Troy Tulowitzki Stride Length Experiment
Question: Does Stride Length Kill Bat Speed?
Using the Zepp (Labs) Baseball app, I wanted to use the Scientific Method to analyze whether Troy Tulowitzki’s longer stride increases or decreases bat speed. Not just a longer stride, but I want to see the torso moving forward as well.
Troy Tulowitzki had a wider stance in 2013. In 2014, he’s adopted more of a narrow stance and a longer stride length.
Forward Momentum may be a new concept to hitting, but not to other explosive rotational athletes. It’s also known as the Conservation of Linear Momentum and the Un-Weighting Principal. The idea is that the hitter is getting a “head start”. Other high level athletes using Forward Momentum:
- Olympic Throwers (Discus, Javelin, and Hammer)
- Olympic Shot Put
- 4 X 100 meter relay sprinters
- Circus Trapeze Artists
- Lacrosse Players
- Hockey Players
I think the addition of forward momentum, or a longer stride length, will contribute to more bat speed because this gives the hitter a “head start”, making the body feel lighter while moving. This allows the body to turn harder, and ultimately increase bat speed.
Troy Tulowitzki Experiment
- Zepp Baseball app,
- ATEC Tuffy Batting Tee,
- Rawlings Official NCAA Baseballs,
- Two yellow dimple baseballs,
- Galaxy S3 phone camera, and
- 33 inch, 30 ounce Pinnacle Bamboo bat.
- Feedback markers = my bat length, plus two baseballs
- Distance from plate = end of the bat touching inside corner of plate, and knob of bat touching my mid-thigh
- NO-stride stance was width of feedback markers
- Forward movement stance was open, and feet set a little wider than shoulder width
- Tee was set a baseball or two behind the front feedback marker, and tee height was about mid-thigh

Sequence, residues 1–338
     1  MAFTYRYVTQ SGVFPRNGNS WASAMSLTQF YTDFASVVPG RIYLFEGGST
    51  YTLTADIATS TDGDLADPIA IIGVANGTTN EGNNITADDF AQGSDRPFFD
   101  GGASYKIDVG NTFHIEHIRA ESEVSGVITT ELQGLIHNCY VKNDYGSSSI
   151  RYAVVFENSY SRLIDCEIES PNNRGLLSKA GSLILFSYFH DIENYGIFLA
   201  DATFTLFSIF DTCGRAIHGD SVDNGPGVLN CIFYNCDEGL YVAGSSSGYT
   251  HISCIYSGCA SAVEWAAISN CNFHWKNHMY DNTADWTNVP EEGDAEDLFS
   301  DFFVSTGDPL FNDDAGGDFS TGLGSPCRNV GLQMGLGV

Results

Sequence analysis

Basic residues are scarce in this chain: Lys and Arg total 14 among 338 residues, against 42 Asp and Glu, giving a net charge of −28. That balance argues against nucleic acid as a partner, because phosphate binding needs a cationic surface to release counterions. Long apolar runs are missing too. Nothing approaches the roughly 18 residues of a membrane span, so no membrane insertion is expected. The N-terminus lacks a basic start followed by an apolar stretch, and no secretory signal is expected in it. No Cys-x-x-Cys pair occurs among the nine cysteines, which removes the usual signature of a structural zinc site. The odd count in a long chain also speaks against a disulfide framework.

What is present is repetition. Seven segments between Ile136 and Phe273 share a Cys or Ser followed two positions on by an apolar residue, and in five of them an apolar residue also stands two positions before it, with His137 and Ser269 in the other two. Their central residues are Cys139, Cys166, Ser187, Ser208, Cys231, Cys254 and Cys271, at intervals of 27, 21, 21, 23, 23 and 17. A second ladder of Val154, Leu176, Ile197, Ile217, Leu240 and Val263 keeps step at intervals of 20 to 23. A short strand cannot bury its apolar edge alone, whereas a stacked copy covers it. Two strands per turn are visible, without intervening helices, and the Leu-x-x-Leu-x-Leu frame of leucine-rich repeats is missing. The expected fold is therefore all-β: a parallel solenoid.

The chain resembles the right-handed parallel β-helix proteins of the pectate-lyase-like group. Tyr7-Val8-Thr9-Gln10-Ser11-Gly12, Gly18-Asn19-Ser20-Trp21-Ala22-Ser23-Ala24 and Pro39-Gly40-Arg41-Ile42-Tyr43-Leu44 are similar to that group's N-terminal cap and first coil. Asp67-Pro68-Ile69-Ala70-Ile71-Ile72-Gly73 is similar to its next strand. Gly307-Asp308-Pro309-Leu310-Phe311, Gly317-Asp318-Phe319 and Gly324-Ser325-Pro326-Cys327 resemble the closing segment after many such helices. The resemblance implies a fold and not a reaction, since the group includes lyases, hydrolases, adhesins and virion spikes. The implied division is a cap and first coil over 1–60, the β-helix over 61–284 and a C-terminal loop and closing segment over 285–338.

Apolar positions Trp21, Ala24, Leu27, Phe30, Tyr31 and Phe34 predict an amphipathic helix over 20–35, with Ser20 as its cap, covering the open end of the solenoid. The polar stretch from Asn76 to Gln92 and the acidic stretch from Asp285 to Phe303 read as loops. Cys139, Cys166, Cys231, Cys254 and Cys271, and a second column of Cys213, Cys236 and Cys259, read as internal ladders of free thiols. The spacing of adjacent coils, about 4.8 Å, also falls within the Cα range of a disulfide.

- 101 baseballs were hit using both the NO-stride and longer stride sessions
Data Analysis & Conclusion
- 0.624 mph average bat speed increase with a longer stride.
- Apex of bell curve for NO-stride swings ranged from 77 mph to 83 mph*.
- With a longer stride, you’ll see the bell curve shifted, 81 mph to 85 mph*.
- Three more 90 mph+ swings using a longer stride, in addition to increasing my Personal Record 2 mph.
*Based on six or more batted balls repeated in specific mph (bold typeface in the chart above)
- Before the experiment I did a 7 minute Dynamic Warm-up.
- I didn’t just increase my stride length, I moved my whole torso forward.
- I began the experiment with the NO-stride swings.
- I took a 20-30 minute break between the two sessions.
- During the last twenty swings of the longer stride session, I hit five-of-eight 90 mph+ balls.
From the Zepp Baseball screenshots to the right, it’s interesting to note, my bat speed kept up, even increased with forward momentum and a longer stride. In other words, I wasn’t as tired at the end of hitting over 200 baseballs.
Now that Troy Tulowitzki is using a more narrow stance and generating forward momentum with a longer stride, he’s able to increase his bat speed. This may explain the surge in opposite field home-runs in 2014.
I’ve spent 11+ years in the corrective fitness industry, and have too many alphabet-soup certifications to bore you with.I also played four years of Division One baseball at Fresno State from 2000-2003.
It’s NOT how you study, but what you study that counts.I apply human movement principles (or rules), validated by science, to hitting a baseball and softball.
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